I am grateful that I got to see and keep those pictures of myself. I am happy to have the clarity to see the truth about my teenage self. That I was sad because I was sick. That I was beautiful. That I was worth knowing. That I am still basically the same person, fat or not. And that I don’t keep my eating boundaries to be skinny (which is a good thing since I am not skinny) but to keep my head and my conscience clear, and to have the confidence to make bold life choices.

Boundaries are a Love Language

I am planning a fun little trip to LA in September. I will fly in on a Thursday, and out on a Monday. I am specifically going to see a friend, and my husband doesn’t want to take the time off of work because we are planning a big Florida trip in October. So I will be going go by myself. And in making my plans I got in touch with my friend about dates and times and whatnot. And she very generously, and very kindly, told me that she would only have a certain amount of time to give me in the days I will be there. And can I just say, I freaking loved it!

One thing I understand now after 15 years of having boundaries around my eating is that as a person with boundaries, I love it when other people have boundaries too.

The truth is that I was not expecting my friend to give me all of that time in LA. I’m a loner, by nature. I can and do amuse myself alone. All the time. I am good at it. I enjoy my own company. But knowing, in no uncertain terms, what I can expect, what I can ask for, what is on offer, and what I will be responsible for makes my life easier.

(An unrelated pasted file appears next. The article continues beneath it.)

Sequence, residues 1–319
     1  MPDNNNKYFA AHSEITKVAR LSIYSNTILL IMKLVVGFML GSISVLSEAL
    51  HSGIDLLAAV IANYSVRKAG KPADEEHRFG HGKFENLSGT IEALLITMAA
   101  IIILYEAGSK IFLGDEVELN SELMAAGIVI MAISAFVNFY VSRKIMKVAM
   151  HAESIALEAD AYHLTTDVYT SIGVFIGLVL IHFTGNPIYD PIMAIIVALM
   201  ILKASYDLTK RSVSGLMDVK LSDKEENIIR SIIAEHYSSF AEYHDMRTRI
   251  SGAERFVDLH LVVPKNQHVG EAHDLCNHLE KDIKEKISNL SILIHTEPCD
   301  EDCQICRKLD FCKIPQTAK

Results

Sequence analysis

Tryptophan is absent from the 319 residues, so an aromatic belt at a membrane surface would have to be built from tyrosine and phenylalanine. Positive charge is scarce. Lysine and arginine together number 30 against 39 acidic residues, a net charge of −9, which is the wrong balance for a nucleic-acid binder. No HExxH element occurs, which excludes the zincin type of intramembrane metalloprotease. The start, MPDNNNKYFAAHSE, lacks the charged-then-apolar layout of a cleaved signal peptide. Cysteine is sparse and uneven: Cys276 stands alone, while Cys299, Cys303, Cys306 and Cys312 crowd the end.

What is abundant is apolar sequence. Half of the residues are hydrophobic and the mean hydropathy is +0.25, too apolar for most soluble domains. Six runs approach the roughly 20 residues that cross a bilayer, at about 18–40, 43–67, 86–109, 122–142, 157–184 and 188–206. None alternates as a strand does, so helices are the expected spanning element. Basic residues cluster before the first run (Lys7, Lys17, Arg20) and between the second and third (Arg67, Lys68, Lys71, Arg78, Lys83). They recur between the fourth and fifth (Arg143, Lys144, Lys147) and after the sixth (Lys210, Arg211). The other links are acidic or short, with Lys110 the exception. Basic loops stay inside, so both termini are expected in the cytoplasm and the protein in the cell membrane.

Boundaries are a life tool. They are how I manage my priorities and my time for myself. They are how I organize and create my day and my experiences. But when offered up to someone else, they are a kind of love language. This is how you can care for me. This is how you can honor me. This is how you can respect me.

Before I got my eating under control, I did not have any boundaries. And I hated other people’s boundaries. I wanted to please people so they would like me. But that is not how people pleasing works. People pleasing makes people like what you can do for them. They stop seeing the person, and only what can be gained from the person. I didn’t have any way to say no, so I would give more than I could and then behave badly when I couldn’t take any more. I was “an exploding doormat.” I let you walk all over me until I blew up.

In setting boundaries, in taking care of my own needs first, I don’t need to blow up. I can walk away. I can disengage with love. I have told you how I will be treated. And I *will* be treated with the respect that I dictate. Or I will walk away. 

My relationships are very different now than they were when I was eating compulsively. I like myself better. I like the people in my life better. Not because they are different, but because I am different. Because I have set the tone of respect and honor. Because I offer honor and expect it in return. And the people from my past who could not or would not learn to honor me and allow me to honor them, have all fallen away. 

Because there is another little tidbit to this. To set a clear boundary is to preempt drama. To speak your truth, and ask for what you want, and make clear what you have the capacity to give, is to give shape to expectations.

My first boundaries were around my food. But those boundaries I set for myself forced me to set them for others. If I wasn’t going to eat sugar and carbohydrates, I had to say no when my beloved grandma wanted me to eat her spaghetti and meatballs. Or when someone brought a cake especially for my birthday, or when someone wanted a taste of my meal that I had weighed out and committed and could not share. 

I am eternally grateful for the gift of having my eating under control for many reasons. But learning to have and keep boundaries is one of the most useful and freeing aspects of that gift.